Scary proposals

If the lion’s share of the deficit was caused by the recession then, logically, the priority now should be to get the economy back on its feet as quickly as possible. Conjuring up the ghost of Stafford Cripps is more likely to hinder this process – by scaring the pants off consumers and small businesses – than it is to help.

Cutting back too soon could drive the economy into a depression, warned David Blanchflower, respected economist and a former member of the Bank of England’s monetary policy committee, in Saturday’s Guardian. “The Tory economic proposals have the potential to push the British economy into a death spiral of decline that would be almost impossible to reverse for a generation,” he wrote.

So what is Labour’s problem? Faced with the most propitious economic circumstances for a party of the centre-left for decades why is it so comprehensively failing to seize the moment? There are plenty of suggestions flying about. Some say it is all about Gordon Brown; the prime minister, it is said, simply does not cut it with the public and has been a liability since the election that never was in the autumn of 2007.

Some say it is a combination of a deep recession and being in power for too long; the electorate is bored with Labour and rising unemployment provides a convenient pretext for changing allegiance. Some put it down to the foreign wars, or the private finance initiative or the fact that the gap between rich and poor is wider than it was in 1997.

While all part of the story, none of these theories is entirely convincing. Labour has handled the crisis well; in the most trying of circumstances, it has got the big decisions right.

The government’s failure has been its inability to use the crisis to articulate a broader critique of market fundamentalism. And the reason for that is that from 1997 to 2007 Labour was complicit in the excesses of the market. It was too weak or too bedazzled to control the City, but not so reticent when it came to plans for DNA testing and ID cards. The supine approach to finance coupled with creeping social authoritarianism explains why Cameron’s attack on the big state resonates.

With anger at the banks still running high, it is still possible to seize the social democratic moment. What’s lacking is an intellectual argument that challenges the orthodoxy of the past three decades. That, though, requires an admission that much of what the government has believed these past 12 years was wrong. As things stand, that looks unlikely.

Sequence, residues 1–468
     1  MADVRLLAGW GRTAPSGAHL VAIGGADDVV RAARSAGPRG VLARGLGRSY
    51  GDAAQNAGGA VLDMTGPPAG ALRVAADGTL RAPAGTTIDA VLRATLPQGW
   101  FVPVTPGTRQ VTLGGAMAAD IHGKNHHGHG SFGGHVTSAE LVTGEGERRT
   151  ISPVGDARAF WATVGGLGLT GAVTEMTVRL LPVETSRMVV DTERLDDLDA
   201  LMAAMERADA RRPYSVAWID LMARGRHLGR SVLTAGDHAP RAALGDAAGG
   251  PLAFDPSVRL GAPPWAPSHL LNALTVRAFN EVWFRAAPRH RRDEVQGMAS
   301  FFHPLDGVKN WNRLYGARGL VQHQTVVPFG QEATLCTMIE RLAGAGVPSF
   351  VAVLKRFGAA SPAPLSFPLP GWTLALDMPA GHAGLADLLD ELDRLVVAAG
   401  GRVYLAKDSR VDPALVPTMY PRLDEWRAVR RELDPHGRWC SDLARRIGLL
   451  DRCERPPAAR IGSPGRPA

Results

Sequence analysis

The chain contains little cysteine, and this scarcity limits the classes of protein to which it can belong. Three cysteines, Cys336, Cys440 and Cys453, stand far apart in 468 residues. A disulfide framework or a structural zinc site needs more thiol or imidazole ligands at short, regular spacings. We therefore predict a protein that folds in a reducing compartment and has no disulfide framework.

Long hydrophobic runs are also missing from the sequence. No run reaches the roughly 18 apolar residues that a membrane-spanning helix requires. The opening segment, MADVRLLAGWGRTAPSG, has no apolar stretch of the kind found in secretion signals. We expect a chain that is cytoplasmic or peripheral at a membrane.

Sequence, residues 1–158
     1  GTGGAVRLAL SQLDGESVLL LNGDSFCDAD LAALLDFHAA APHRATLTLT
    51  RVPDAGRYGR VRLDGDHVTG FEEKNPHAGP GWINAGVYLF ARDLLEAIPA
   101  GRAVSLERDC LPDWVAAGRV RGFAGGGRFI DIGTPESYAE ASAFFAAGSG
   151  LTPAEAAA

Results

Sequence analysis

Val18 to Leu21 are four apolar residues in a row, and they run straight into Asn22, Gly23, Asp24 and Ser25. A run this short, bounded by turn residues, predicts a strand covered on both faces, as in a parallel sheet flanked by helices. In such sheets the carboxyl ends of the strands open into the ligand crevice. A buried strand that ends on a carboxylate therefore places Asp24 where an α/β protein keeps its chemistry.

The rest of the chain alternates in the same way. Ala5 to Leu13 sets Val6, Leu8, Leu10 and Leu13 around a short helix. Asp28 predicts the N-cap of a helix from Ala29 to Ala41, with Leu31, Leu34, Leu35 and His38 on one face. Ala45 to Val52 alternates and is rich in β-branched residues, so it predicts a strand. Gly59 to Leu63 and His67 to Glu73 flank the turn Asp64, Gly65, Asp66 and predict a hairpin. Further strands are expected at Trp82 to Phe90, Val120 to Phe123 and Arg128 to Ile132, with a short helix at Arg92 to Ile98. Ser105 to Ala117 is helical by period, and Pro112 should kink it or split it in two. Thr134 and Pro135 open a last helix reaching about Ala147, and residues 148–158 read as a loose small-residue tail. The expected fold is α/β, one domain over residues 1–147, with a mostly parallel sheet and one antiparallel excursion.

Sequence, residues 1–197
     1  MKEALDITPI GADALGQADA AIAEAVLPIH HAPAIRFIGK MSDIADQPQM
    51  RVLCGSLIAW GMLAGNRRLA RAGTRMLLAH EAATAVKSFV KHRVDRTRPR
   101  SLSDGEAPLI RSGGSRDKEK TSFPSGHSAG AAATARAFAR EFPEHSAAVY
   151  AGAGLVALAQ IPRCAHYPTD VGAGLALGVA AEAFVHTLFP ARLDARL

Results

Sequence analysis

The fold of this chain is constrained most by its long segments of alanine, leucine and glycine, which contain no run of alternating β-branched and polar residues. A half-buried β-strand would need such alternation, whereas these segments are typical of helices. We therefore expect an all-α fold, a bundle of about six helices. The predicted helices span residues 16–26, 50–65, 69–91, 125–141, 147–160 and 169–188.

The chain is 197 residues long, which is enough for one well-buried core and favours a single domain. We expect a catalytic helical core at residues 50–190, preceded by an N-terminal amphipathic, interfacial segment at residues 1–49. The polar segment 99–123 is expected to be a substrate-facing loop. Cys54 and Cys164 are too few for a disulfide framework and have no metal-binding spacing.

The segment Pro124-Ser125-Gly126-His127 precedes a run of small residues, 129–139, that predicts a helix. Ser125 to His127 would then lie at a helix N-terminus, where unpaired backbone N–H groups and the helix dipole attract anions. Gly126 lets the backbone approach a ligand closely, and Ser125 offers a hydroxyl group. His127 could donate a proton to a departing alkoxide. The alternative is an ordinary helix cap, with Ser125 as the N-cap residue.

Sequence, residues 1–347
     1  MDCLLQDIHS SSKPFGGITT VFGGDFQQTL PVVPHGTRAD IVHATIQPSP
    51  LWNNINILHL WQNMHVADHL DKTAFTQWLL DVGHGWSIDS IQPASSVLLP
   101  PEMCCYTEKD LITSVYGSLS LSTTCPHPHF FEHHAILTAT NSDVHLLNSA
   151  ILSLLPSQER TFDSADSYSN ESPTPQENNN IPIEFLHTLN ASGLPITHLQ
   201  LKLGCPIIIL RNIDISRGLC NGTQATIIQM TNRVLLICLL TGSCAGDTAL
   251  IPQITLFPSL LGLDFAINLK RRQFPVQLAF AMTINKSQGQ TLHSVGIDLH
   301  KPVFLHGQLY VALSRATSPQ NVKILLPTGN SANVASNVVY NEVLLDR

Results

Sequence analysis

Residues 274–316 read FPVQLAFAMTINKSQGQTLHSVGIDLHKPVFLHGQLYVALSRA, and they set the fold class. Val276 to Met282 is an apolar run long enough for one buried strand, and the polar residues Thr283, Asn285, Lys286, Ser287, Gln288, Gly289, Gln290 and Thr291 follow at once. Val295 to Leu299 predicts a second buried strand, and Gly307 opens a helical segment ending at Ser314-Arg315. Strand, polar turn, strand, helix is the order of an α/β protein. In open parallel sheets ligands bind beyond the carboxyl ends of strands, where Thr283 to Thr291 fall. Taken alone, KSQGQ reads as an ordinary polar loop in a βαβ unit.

Larry Elliott, The Guardian, Monday 12 October 2009

Read Full Post »

Excelente análise the Paul De Grauwe. Aposto, para o melhor, que os Ladrões de Bicicletas não deixarão de comentar.

Economics is in crisis: it is time for a profound revamp

There can be little doubt. The science of macroeconomics is in deep trouble. The best and the brightest in the field fight over the most basic problems. Take government budget deficits, which now exceed 10 per cent of gross domestic product in countries such as the US and the UK. One camp of macroeconomists claims that, if not quickly reversed, such deficits will lead to rising interest rates and a crowding out of private investment. Instead of stimulating the economy, the deficits will lead to a new recession coupled with a surge in inflation. Wrong, says the other camp. There is no danger of inflation. These large deficits are necessary to avoid deflation. A clampdown on deficits would intensify the deflationary forces in the economy and would lead to a new and more intense recession.

Or take monetary policy. One camp warns that the build-up of massive amounts of liquidity is the surest road to hyperinflation and advises central banks to prepare an “exit strategy”. Nonsense, the other camp retorts. The build-up of liquidity just reflects the fact that banks are hoarding funds to improve their balance sheets. They sit on this pile of cash but do not use it to increase credit. Once the economy picks up, central banks can withdraw the liquidity as fast as they injected it. The risk of inflation is zero.

Both camps line up an impressive list of Nobel prize-winners to buttress their arguments. Economists have often disagreed in the past, but this time the tone is different. The protagonists do not hesitate to accuse the other camp of ignorance or bad faith. I have never seen anything like this.

So what? Does it matter that economists disagree so much? It does. Take the issue of government deficits. If you want to forecast the long-term interest rate, it matters a great deal which of the two camps you believe. If you believe the first one, you will fear future inflation and you will sell long-term government bonds. As a result, bond prices will drop and rates will rise. You will have made a reality of the fears of the first camp. But if you believe the story told by the second camp, you will happily buy long-term government bonds, allowing the government to spend without a surge in rates, thereby contributing to a recovery that the second camp predicts will follow from high budget deficits.